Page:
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lachoy (1663)

lachoy
  chris.winters@gmail.com
http://www.cwinters.com/

I am actually Chris Winters; I am actually living in Pittsburgh, Pennsylvania, USA; I am actually married and have three cats. (Guess what one of them is named?) I am the "OpenInteract" guy, which could be good or bad.

Journal of lachoy (1663)

Monday February 11, 2002
12:09 PM

Actions matter

[ #2775 ]

I am a vegetarian, so you could say that I'm predisposed to its arguments. But Fast Food Nation greatly disturbed me. I already knew (to some degree) how food animals are treated and the amazing disregard the companies in the food chain have for the health of consumers. But more shocking to me was the way these companies -- both packing companies and fast food service companies -- treat their workers. Reading this along with various other current actions (wal*mart, behavior in traffic, Enron, etc.) is thoroughly depressing And I'm a very optimistic person.

However. One of the things this cemented in me was the idea that individual actions matter, even in the context of global corporations. I often forget this because I'm so spoiled by the opensource community and how you can immediately affect something (code, design) or at least bend the ear of someone who can.

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  • I read that book too and think it should be on every person's reading list since I found it to be well researched. The things we are willing to forgive in the name of capitalism astound me.

    • Well, realize that many things you think of as many people being "willing to forgive" are things that many people don't think need to be forgiven in the first place.

      You can't change people's minds by calling them blind or stupid or lacking moral fortitude. You have to realize people simply disagree with you, for good reason, in the first place before you can attempt to persuade them in the second.
      • Gee, I didn't think anyone called anyone else stupid or lacking in moral fortitude.

        Do you think most people know the conditions in which their food is produced? In my experience people know that "something bad" happens but don't want to hear the details. I don't agree with that, but I can understand why people make this decision (even if it's a non-decision).

        But (again, IME) even most of them would be shocked to hear what happens to the people doing the work. If people got all worked up by the condition

        • Well, I wasn't replying to you. :-)
        • If people got all worked up by the conditions of workers in east asia making Nikes, don't you think they'd get a little peeved at what packing companies do to people in Texas or Kansas?

          Which is precisely why they don't listen. Like a parent that sees a condom wrapper on their teenager's nightstand and doesn't recognize it as such, or a policeman who ignores his best friend being a wife-beater, sometimes people find it much easier to ignore problems.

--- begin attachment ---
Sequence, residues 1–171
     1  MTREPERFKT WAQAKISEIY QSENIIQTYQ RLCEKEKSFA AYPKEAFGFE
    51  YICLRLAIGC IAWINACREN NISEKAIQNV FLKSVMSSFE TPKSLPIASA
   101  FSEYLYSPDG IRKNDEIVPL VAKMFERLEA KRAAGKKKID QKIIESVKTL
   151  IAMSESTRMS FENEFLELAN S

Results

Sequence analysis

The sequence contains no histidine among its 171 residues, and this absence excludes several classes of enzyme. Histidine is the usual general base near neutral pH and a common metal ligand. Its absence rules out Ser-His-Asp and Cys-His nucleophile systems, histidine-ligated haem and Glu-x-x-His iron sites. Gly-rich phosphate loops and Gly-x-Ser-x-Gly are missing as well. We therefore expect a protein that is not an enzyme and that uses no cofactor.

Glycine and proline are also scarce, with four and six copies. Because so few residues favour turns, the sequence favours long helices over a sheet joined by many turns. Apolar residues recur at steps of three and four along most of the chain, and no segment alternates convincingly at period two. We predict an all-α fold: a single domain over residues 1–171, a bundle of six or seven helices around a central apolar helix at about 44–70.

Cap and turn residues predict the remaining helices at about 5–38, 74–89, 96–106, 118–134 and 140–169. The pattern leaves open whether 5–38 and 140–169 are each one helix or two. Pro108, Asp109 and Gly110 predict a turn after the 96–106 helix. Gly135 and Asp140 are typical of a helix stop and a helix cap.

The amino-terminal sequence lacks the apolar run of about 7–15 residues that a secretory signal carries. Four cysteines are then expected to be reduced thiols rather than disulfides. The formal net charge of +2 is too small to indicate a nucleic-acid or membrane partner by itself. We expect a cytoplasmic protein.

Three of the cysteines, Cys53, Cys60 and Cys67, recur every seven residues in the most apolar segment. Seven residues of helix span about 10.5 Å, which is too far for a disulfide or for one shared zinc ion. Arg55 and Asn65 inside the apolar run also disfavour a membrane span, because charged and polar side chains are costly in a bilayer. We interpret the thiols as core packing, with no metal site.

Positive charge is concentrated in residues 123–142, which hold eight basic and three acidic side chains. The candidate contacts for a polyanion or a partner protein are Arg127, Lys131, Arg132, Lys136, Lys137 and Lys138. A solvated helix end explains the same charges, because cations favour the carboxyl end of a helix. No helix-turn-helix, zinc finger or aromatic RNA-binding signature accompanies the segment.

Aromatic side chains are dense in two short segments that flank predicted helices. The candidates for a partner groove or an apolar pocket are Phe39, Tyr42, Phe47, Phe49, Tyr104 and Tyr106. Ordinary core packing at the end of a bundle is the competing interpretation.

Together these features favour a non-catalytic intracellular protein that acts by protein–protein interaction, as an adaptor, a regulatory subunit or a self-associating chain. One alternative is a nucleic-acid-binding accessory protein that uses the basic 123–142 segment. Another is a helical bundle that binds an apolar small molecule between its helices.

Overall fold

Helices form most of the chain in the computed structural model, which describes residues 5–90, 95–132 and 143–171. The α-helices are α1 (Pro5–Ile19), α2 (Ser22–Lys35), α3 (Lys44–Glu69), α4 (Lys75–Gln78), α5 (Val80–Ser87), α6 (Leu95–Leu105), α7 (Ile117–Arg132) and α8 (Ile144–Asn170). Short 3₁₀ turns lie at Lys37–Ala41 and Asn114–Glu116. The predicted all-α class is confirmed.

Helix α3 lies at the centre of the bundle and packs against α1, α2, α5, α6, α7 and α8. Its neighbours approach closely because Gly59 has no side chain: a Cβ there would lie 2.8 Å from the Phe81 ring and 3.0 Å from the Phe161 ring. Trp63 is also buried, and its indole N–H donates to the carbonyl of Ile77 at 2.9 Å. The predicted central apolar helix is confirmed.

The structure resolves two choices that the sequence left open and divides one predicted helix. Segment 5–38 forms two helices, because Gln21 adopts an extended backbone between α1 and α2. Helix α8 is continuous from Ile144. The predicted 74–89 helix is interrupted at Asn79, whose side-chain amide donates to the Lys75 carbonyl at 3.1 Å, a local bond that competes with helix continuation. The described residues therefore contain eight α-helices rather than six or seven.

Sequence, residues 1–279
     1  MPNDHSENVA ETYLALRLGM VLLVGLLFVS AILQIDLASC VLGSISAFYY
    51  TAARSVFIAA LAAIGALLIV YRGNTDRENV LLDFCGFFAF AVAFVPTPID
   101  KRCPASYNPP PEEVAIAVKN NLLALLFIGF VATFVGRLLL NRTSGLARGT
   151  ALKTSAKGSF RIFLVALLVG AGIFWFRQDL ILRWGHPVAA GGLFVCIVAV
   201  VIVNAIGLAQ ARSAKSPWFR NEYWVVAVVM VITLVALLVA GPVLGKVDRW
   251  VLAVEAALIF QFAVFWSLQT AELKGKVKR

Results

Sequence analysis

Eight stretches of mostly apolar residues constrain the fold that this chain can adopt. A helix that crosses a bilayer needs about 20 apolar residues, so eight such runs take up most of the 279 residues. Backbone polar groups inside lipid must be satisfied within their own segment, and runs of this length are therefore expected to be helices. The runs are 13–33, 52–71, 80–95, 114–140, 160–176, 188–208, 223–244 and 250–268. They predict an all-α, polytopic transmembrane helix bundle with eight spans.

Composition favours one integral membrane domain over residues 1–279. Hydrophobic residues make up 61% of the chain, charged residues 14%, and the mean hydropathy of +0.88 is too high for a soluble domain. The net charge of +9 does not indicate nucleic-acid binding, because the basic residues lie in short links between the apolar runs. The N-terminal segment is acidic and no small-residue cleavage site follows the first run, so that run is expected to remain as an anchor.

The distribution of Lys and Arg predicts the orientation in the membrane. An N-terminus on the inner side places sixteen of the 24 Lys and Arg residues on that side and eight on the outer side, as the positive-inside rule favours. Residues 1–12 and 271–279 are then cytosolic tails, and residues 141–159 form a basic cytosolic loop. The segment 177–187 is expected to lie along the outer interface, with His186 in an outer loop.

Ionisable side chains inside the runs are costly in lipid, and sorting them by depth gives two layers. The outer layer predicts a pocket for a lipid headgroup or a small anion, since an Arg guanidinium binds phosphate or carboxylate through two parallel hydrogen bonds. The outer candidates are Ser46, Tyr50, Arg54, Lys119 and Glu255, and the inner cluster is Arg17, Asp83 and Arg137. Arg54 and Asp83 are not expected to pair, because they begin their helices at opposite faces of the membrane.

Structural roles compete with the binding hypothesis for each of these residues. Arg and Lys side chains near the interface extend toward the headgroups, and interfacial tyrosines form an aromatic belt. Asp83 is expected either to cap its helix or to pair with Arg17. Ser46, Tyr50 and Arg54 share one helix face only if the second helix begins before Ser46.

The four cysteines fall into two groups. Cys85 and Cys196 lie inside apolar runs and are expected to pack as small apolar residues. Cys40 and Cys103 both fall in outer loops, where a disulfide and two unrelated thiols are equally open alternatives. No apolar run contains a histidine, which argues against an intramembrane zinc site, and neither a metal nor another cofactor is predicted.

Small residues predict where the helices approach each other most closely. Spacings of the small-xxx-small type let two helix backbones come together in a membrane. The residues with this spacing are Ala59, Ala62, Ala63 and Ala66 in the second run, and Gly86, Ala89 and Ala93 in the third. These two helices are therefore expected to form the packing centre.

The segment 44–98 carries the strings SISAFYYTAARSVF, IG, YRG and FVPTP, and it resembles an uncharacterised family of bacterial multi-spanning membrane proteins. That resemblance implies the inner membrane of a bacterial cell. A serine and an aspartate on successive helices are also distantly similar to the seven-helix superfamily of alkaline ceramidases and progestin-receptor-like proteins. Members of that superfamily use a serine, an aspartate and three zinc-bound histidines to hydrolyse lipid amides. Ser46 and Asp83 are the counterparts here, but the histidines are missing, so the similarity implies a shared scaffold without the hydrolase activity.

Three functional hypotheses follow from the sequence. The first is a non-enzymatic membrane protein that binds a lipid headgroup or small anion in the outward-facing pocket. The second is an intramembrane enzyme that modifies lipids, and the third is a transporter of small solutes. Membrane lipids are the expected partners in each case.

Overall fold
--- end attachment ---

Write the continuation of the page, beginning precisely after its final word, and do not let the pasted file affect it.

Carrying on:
Which isn't to say that there's evil in the capitalist

          --

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          You are what you think.
          • Like a parent that sees a condom wrapper on their teenager's nightstand and doesn't recognize it as such, or a policeman who ignores his best friend being a wife-beater, sometimes people find it much easier to ignore problems.

            You know, I'm not entirely sure about the equivalence of those two. Certainly it's hard not to accuse the hypothetical policeman of moral cowardice even without context. It's much harder to do so about the condoms; so much depends on what's been discussed between parent and child, le

            • Well, equivalence of scale wasn't implied, but yes, there's context lacking there. Let's see...

              Like a parent that sees a condom wrapper on their teenager's nightstand and still thinks the teenager isn't having sex...

              ...I should have been more specific, but my deranged sensibilities, for some reason, implied that I shouldn't mention sex. I don't know why. :\ While I'm fixing things...

              ...or a police officer who ignores a best friend being a spousal abuser...

              ...I should probably fix that too. 'pol

              --

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              You are what you think.
        • Well, it's much like people who drive SUVs liking their gas cheap and try to ignore the rape of the land needed to produce such cheap gas...there doesn't seem to be much concern for anything in the states if it doesn't take a bite out of the individuals wallet. The Cargills of the world keep fast food cheap for the consumer. My mother's side of the family were farmers who kept the land but took day jobs after they were blacklisted for speaking out decrying the price fixing by the conglomerates.

          I lived in C

          • Well, it's much like people who drive SUVs liking their gas cheap and try to ignore the rape of the land needed to produce such cheap gas

            No ... we just don't think of it as rape in the first place. There's nothing to ignore.
    • Just a note: the author was recently interviewed by powells.com [powells.com] too.